Orthogonal frequency-division multiplexing (OFDM) — essentially identical to Coded OFDM (COFDM) and Discrete multi-tone modulation (DMT) — is a frequency-division multiplexing (FDM) scheme utilized as a digital multi-carrier modulation method. A large number of closely-spaced orthogonal sub-carriers are used to carry data. The data is divided into several parallel data streams or channels, one for each sub-carrier. Each sub-carrier is modulated with a conventional modulation scheme (such as quadrature amplitude modulation or phase shift keying) at a low symbol rate, maintaining total data rates similar to conventional single-carrier modulation schemes in the same bandwidth.
OFDM has developed into a popular scheme for wideband digital communication, whether wireless or over copper wires, used in applications such as digital television and audio broadcasting, wireless networking and broadband internet access.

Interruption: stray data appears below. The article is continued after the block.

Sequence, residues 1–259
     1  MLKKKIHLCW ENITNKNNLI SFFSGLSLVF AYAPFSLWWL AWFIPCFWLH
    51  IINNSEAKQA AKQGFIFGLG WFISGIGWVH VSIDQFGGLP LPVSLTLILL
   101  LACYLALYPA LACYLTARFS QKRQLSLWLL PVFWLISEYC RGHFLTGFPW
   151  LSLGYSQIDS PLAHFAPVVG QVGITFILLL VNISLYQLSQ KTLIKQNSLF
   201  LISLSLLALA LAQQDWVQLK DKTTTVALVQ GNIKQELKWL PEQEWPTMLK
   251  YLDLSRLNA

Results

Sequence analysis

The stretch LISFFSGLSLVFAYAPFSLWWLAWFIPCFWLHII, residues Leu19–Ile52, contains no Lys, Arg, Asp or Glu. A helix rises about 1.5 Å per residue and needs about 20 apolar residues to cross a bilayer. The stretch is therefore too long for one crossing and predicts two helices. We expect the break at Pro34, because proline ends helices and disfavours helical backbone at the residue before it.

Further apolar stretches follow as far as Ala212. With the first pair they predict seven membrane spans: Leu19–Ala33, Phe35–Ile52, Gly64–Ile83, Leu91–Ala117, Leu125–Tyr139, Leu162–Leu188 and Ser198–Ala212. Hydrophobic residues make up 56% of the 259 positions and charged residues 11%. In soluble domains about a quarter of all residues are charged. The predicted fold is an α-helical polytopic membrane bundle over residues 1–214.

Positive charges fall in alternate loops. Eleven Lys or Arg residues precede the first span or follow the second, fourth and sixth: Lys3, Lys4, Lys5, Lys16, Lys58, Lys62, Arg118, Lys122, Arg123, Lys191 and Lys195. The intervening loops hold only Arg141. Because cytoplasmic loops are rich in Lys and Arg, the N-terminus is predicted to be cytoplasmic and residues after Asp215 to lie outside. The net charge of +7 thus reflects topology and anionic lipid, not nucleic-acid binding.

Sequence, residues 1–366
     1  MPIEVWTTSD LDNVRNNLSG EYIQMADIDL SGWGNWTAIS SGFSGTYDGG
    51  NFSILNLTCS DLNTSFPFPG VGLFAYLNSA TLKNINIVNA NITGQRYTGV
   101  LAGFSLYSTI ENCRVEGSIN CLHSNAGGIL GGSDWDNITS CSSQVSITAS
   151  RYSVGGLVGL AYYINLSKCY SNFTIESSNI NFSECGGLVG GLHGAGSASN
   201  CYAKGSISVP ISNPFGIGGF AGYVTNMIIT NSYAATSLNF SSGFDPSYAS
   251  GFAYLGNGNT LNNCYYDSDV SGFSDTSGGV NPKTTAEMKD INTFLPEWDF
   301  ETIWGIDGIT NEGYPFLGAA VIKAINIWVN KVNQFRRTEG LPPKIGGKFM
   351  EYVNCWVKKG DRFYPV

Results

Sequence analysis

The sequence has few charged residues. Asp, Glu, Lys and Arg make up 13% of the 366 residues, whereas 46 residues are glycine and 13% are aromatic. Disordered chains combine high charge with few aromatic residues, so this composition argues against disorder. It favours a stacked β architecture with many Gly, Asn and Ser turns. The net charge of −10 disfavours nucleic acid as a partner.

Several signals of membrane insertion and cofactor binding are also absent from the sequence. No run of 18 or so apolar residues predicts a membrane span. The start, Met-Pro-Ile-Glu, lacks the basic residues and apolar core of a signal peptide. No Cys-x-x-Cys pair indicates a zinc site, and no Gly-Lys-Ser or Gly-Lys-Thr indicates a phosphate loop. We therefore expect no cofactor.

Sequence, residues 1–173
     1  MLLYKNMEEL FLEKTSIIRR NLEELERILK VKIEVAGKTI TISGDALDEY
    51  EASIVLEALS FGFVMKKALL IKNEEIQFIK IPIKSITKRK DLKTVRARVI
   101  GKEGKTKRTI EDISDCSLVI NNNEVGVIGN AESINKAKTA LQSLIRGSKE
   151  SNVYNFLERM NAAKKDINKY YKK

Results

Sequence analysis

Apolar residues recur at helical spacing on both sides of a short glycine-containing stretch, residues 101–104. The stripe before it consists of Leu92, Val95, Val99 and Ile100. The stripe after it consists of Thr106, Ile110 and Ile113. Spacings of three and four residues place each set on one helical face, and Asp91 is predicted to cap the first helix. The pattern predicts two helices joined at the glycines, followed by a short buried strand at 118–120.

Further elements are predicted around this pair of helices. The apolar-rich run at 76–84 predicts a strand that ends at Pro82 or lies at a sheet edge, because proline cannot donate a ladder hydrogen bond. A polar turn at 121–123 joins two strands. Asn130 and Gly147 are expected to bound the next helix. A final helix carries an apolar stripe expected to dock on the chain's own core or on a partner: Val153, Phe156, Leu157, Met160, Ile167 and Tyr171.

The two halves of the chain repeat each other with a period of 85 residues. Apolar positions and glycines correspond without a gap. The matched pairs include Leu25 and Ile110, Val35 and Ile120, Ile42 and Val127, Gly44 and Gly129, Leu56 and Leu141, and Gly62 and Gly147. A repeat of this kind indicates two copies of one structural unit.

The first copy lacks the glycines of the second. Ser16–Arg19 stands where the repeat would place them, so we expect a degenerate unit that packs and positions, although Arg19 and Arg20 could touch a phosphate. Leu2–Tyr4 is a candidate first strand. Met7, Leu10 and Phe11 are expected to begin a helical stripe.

The primary advantage of OFDM over single-carrier schemes is its ability to cope with severe channel conditions — for example, attenuation of high frequencies in a long copper wire, narrowband interference and frequency-selective fading due to multipath — without complex equalization filters. Channel equalization is simplified because OFDM may be viewed as using many slowly-modulated narrowband signals rather than one rapidly-modulated wideband signal. The low symbol rate makes the use of a guard interval between symbols affordable, making it possible to handle time-spreading and eliminate intersymbol interference (ISI). This mechanism also facilitates the design of single-frequency networks, where several adjacent transmitters send the same signal simultaneously at the same frequency, as the signals from multiple distant transmitters may be combined constructively, rather than interfering as would typically occur in a traditional single-carrier system.